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Initiatives

For the Students and for the FutureChildren laughing together

Recreational Sports offers programs and services designed to teach students meaningful life skills, encourage personal achievement, and develop involved and responsible citizens. For decades, students have supported Recreational Sports through the creation and maintenance of new facilities and programs through student fees and referenda.  Future generations now face the responsibility of maintaining the excellence of our programs and facilities. As the Division looks to the future, philanthropy will be the key factor that allows Recreational Sports the opportunity to build new infrastructure, advance student development programs, and remain on the cutting edge of collegiate recreational sports programs. Below are the initiatives that have been identified as our areas of greatest need and opportunity. Your gift will provide the assistance necessary to move the organization and, more importantly, the student experience from good to great. 

Special Projects
Scholarships
Excellence Fund

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How RecSports is Funded

At present, the Division of Recreational Sports is funded primarily by student fees (71%) and generated income (25%).  Only a small percentage of funds is received through gift and investment income (3.5%) and state Educational and General Appropriations (0.5%). Moving forward, only with private gifts will the Division be able to continue to support student development initiatives, enhance our programming, and contribute to offer leadership opportunities that might not be otherwise pursued.

Pie Chart showing funding sources

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A Closer Look at UT's Financial Picture (PDF Version)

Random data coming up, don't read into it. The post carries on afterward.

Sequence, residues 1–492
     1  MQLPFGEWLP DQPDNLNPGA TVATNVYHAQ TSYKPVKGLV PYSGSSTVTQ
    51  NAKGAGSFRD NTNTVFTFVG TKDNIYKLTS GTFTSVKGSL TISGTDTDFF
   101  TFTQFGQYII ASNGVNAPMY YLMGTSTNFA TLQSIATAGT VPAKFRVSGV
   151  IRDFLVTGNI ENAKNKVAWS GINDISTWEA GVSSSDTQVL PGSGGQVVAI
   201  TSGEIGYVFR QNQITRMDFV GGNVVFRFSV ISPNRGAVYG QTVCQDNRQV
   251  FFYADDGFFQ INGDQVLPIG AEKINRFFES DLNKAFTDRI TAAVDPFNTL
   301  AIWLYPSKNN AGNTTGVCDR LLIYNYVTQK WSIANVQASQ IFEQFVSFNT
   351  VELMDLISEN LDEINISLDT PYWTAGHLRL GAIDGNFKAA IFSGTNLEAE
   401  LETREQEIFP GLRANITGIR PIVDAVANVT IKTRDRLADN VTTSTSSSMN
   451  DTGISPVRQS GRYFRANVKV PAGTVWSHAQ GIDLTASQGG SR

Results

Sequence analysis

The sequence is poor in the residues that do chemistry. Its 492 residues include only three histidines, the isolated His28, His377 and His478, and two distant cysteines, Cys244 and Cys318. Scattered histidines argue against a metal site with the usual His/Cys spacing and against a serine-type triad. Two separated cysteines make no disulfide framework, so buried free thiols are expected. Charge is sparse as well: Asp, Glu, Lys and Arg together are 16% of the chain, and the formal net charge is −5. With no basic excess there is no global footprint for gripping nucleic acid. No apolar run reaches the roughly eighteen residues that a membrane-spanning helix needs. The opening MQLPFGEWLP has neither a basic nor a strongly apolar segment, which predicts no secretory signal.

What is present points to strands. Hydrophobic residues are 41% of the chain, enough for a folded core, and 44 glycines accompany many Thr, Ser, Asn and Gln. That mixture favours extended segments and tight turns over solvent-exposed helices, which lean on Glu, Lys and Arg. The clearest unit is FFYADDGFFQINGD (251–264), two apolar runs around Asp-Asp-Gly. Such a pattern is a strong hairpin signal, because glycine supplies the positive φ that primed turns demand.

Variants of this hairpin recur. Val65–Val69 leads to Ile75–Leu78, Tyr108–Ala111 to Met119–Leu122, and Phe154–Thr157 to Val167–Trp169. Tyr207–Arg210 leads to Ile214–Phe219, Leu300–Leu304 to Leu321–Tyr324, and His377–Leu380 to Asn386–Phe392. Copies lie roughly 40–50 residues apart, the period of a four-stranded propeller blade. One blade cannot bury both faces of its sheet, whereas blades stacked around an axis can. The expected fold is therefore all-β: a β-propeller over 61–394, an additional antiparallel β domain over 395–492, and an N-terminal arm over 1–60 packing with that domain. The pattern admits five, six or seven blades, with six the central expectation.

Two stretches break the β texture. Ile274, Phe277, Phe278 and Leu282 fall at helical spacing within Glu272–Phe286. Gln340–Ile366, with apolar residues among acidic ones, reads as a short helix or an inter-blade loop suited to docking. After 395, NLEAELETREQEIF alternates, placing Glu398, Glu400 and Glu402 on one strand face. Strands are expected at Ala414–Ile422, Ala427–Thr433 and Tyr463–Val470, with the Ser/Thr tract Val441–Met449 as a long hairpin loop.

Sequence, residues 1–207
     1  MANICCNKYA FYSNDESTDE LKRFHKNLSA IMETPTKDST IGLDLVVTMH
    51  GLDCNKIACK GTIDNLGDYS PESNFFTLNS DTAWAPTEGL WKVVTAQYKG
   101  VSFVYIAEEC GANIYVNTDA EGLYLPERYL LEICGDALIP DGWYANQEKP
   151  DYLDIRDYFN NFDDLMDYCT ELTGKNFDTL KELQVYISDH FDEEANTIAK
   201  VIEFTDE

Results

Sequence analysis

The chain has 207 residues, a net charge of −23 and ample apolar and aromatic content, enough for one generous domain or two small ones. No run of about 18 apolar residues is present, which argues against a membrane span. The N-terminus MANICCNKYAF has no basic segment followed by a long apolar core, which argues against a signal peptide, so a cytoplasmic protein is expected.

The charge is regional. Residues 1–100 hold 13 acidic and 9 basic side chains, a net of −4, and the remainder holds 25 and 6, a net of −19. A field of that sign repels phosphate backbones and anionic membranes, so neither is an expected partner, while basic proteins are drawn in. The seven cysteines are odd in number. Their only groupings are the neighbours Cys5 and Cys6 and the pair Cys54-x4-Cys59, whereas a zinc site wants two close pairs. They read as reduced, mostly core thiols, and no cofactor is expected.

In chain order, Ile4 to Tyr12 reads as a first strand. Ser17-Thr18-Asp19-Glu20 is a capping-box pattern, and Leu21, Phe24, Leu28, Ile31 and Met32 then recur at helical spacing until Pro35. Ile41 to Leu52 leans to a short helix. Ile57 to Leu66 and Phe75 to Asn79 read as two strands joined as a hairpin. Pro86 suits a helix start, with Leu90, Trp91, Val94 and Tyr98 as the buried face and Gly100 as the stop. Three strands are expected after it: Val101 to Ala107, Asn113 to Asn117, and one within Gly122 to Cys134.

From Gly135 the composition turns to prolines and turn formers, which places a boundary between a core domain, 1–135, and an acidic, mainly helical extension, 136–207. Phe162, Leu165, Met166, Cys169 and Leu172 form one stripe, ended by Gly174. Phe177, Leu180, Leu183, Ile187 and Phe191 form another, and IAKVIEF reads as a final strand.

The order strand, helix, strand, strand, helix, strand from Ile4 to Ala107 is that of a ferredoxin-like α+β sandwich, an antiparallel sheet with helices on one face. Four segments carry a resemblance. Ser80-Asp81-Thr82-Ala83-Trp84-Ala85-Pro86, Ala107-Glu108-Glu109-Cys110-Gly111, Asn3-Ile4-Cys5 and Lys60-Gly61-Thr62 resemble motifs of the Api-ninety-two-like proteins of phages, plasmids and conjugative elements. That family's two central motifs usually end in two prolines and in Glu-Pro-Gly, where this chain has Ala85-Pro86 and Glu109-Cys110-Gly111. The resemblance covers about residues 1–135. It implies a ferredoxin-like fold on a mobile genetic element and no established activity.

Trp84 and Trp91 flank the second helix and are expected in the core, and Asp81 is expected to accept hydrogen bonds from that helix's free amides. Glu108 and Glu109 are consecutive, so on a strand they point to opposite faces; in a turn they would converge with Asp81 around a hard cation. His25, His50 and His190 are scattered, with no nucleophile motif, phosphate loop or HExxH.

There is a perception among some that UT is a wealthy institution that does not need additional financial support, but the facts tell a different story.

Shared PUF assets

Some misconceptions may stem from the
existence of the $10.7 billion Permanent
University Fund, or PUF. PUF assets include
more than 2 million oil- and mineralproducing
acres in West Texas, and some
of the investment return goes to the
University. The revenue, however, does
not go exclusively to UT Austin but to 18
institutions and six agencies in the Texas
A&M and University of Texas Systems. UT
Austin’s share (the Available University
Fund or AUF) for fiscal 2010-11 is $158
million out of the University’s $2.26
billion budget. That’s 7 percent,
compared with 12 percent in 1984-85.

 

UT Austin budget, Then & Now

A smaller state share

The University receives other state money as
well. Two decades ago state appropriations
provided 47 percent of the University’s budget.
Today that share is only 14 percent.

Low tuition and fees

At the same time, the University continues
to offer tuition and fees that are lower than
many of its peers. Resident tuition and fees
at UT Austin rank eighth out of a peer
group of nine state universities. Tuition
and fees account for less than one-fourth (24
percent) of the University’s 2010-11 budget.

Undergrad tuition and fees

SOURCES: UT Austin Office of Information Management and Analysis, UT Budget Office, University of Texas System


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Page last modified: August 15, 2013. 19:05:04 pm CST